Essays after the Collapse of Communism
New Thinking in Political Economy series
Introduction: Markets, Planning and Democracy in the Age of Post-Communism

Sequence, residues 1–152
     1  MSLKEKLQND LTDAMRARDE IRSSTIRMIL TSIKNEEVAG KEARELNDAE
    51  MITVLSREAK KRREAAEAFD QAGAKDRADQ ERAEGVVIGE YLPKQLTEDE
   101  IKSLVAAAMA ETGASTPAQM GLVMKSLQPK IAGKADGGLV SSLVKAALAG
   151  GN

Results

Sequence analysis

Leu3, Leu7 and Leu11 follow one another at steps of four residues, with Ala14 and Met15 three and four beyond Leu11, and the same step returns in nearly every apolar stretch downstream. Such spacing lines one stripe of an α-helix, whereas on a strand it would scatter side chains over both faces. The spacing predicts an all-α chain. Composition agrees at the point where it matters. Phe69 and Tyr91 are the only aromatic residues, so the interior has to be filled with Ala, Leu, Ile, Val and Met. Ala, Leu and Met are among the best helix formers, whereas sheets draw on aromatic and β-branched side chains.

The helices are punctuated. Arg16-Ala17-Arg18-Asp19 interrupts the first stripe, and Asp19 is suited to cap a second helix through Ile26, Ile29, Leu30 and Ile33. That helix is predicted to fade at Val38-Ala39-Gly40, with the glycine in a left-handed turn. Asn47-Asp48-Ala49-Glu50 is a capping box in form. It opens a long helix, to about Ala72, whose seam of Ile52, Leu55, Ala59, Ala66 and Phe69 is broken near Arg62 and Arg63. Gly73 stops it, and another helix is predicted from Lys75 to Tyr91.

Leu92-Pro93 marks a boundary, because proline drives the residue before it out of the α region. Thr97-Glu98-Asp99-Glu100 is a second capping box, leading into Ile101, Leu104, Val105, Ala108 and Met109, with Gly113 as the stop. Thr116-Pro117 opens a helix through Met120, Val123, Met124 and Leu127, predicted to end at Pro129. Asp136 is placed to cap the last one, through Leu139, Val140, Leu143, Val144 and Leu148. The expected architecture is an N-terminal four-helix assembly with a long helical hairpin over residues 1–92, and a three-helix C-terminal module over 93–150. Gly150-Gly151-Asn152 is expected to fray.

Introduction: markets, planning and democracy in the age of post-communism Contemporary society cannot ﬂourish without markets, and therefore private or separate property rights in the means of production. When Ludwig von Mises and F.A. Hayek advanced this argument in the 1920s and 1930s, they faced waves of criticism from defenders of market socialism, most notably Oskar Lange and Abba Lerner, but also from their Austrian colleague Joseph Schumpeter, in his magniﬁcent but ﬂawed book, Capitalism, Socialism, and Democracy (1950). For the most part Mises and Hayek had geared their critique of socialism to central economic planning. In response, market socialists generally agreed that truly centralized economic planning had little basis in economic theory; instead they promoted a form of socialism that apparently allowed for markets and prices in consumer goods, and the imputation of consumer goods prices through the state-owned capital structure. Their theoretical solution earned the respect of the economics profession for years to come. Market socialism was considered at least consistent with neoclassical economic theory, and the Austrians were viewed as losers in the great socialist calculation debate, as it came to be called. A renewed appreciation for the Austrian position would appear only by the late 1980s, as the problems of ‘really existing socialism’ came to a head. The collapse of the former Soviet Union and other socialist countries throughout Eastern Europe from the Fall of 1989 onward seemed ﬁnally to validate the Mises–Hayek case against central planning, and also cast serious doubt on the...
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